Consider virtual reality, as in a computer game. You run round a maze - turn left at the bridge, go up the stairs on the right, run past the zombie, and hit the switch on the wall to your left. Your sensory experience is of a 3D maze with objects arranged in space. Things-as-they-are is a box containing electrons whizzing in and out of transistors embedded in a slab of silicon, wired to a flat panel of tiny lights. There is software/data that is, in some sense, the zombie you see. But the characteristics of the zombie we perceive have very little to do with its software representation. The electrons are not in the same spatial arrangement as the parts of the zombie, they're not the same colour. The zombie and the walls and the maze and the space they all live in are nowhere, except inside our own heads.

"I mean we know there are unique objects, e.g. a rose which is of a particular height and number of petals and which is thus distinct from other roses -- why is it impossible for us to say that these differences (between different roses) have their basis in the things in themselves?"

Because those properties might not be the result of the thing itself, but our perspective on it. The number of petals a rose has depends on what time you are looking at it. First there are no petals, then the buds open into flowers and there are lots of petals, then the flowers die and drop off, then next year there are more flowers. The number of petals it will have over its entire history in space and time is something you can't see directly. You also can't see the petals on the other side of the rose bush, or if you are short-sighted and have blurry vision, or all sorts of reasons. Indeed, the problem might not even be with the rose, but with your ability to count.

And it might be a rose in a 3D computer game. The height and the number of petals might be included in its software representation, or they might be added as part of the transformation process from software representation to pixels on a screen to image in the eye to model in the brain. Maybe the rendering software glitches, causing part of the rose bush to disappear when you stand too close to it. Maybe it's an optical illusion, and the glitch is in your brain. Or maybe it's not a computer model of a rose, but a computer model of a painting of a rose.

There is no evident end to the possible layers of misperception.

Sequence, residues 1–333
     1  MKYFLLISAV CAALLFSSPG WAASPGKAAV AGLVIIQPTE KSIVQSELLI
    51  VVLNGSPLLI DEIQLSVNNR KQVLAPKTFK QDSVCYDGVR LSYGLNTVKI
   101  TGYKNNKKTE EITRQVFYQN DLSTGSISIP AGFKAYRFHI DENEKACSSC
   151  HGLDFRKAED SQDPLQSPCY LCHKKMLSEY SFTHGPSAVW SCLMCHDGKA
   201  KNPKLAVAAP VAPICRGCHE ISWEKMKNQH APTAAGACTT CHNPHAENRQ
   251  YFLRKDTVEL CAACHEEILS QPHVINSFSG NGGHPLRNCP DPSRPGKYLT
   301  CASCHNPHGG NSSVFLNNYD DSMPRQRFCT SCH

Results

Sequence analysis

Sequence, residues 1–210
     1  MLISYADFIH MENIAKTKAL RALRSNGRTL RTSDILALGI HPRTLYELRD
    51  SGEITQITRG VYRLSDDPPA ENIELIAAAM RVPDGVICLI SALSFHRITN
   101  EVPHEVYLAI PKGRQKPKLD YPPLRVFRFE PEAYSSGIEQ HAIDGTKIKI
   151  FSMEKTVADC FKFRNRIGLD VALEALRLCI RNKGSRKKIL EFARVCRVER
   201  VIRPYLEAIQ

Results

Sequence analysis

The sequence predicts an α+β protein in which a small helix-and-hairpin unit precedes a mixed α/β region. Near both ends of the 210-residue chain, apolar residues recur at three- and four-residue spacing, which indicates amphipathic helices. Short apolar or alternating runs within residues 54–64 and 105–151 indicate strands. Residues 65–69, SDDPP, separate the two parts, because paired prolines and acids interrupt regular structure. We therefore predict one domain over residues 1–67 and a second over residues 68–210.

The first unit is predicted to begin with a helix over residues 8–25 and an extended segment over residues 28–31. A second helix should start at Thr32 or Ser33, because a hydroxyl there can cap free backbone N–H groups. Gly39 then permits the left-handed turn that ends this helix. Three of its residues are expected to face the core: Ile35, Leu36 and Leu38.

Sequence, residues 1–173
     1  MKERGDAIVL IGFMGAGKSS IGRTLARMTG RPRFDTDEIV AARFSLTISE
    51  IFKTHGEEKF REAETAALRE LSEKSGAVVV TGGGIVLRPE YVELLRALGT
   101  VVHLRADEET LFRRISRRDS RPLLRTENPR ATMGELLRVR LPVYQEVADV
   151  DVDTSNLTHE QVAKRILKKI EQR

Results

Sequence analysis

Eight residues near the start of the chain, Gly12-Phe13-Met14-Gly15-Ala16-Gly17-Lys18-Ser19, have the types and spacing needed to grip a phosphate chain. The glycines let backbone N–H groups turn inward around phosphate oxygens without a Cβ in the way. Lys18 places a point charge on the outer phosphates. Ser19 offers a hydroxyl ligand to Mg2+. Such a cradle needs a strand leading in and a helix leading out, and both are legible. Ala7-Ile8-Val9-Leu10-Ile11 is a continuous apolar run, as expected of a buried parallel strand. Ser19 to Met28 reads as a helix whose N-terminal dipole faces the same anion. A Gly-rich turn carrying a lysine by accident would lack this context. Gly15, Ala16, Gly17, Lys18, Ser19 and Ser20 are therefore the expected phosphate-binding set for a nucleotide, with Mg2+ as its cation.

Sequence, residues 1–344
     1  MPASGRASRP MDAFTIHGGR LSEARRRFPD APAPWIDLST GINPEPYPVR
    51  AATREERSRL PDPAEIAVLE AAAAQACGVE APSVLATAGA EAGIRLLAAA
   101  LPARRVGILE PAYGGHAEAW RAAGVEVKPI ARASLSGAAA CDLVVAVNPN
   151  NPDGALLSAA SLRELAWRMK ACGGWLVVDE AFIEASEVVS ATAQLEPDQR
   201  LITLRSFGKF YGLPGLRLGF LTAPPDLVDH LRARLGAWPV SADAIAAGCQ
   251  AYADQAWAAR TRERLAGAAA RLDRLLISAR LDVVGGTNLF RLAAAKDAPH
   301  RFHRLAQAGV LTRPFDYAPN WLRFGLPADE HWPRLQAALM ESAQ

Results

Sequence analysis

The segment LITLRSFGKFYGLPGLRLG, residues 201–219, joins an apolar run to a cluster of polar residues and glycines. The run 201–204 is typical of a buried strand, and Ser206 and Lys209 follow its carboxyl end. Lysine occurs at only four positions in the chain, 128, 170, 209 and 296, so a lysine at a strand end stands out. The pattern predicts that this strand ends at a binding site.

We know that misperception happens, because we often experience that sudden realisation that something is not what we thought it was, and we often experience objects we know are not actually there in pictures and paintings. We know that there is a lot about the world we can't perceive, like the whole new world we discovered when we invented microscopes. We ask the question: where does the thing-as-I-perceive-it actually exist? Out there? Or in here?

  • People are already experiencing life as being in a maze in a game. They just need to see that.
    – Scott Rowe
    Commented Aug 30, 2022 at 10:09

As with many of the perplexing questions one encounters when studying philosophy, the answer depends on how you interpret the words being used. Take a stone. You can know a lot about the stone by looking at it, feeling it, weighing it, scanning it to create a 3d model in a computer, placing a sample of it in a machine that determines its chemical components, comparing it with other rocks and so on. Clearly it is nonsense to say it is impossible to know anything about the stone. However, there are things you cannot know about the stone from the outside. You cannot know the history of the stone- you cannot know exactly how the fundamental particles of which it is comprised are arranged. You cannot see the inside of a stone, except by breaking it apart, in which case it is no longer 'the stone'.

You might take the view that Kant uses the term 'the object in itself' to mean all of the things you can't know about the object simply through the senses, in which case his position makes perfect sense, albeit being somewhat empty, since he is saying that you cannot perceive with the senses things you cannot perceive with the senses.

You should also bear in mind that some of the properties we attribute to the stone are purely imagined. For example, take the colour of the stone. Colour, like beauty, is entirely in the mind. There is no such thing in physics as yellow, for example- yellow is a mental sensation humans experience when light of a given range of wavelengths impinges on the retina.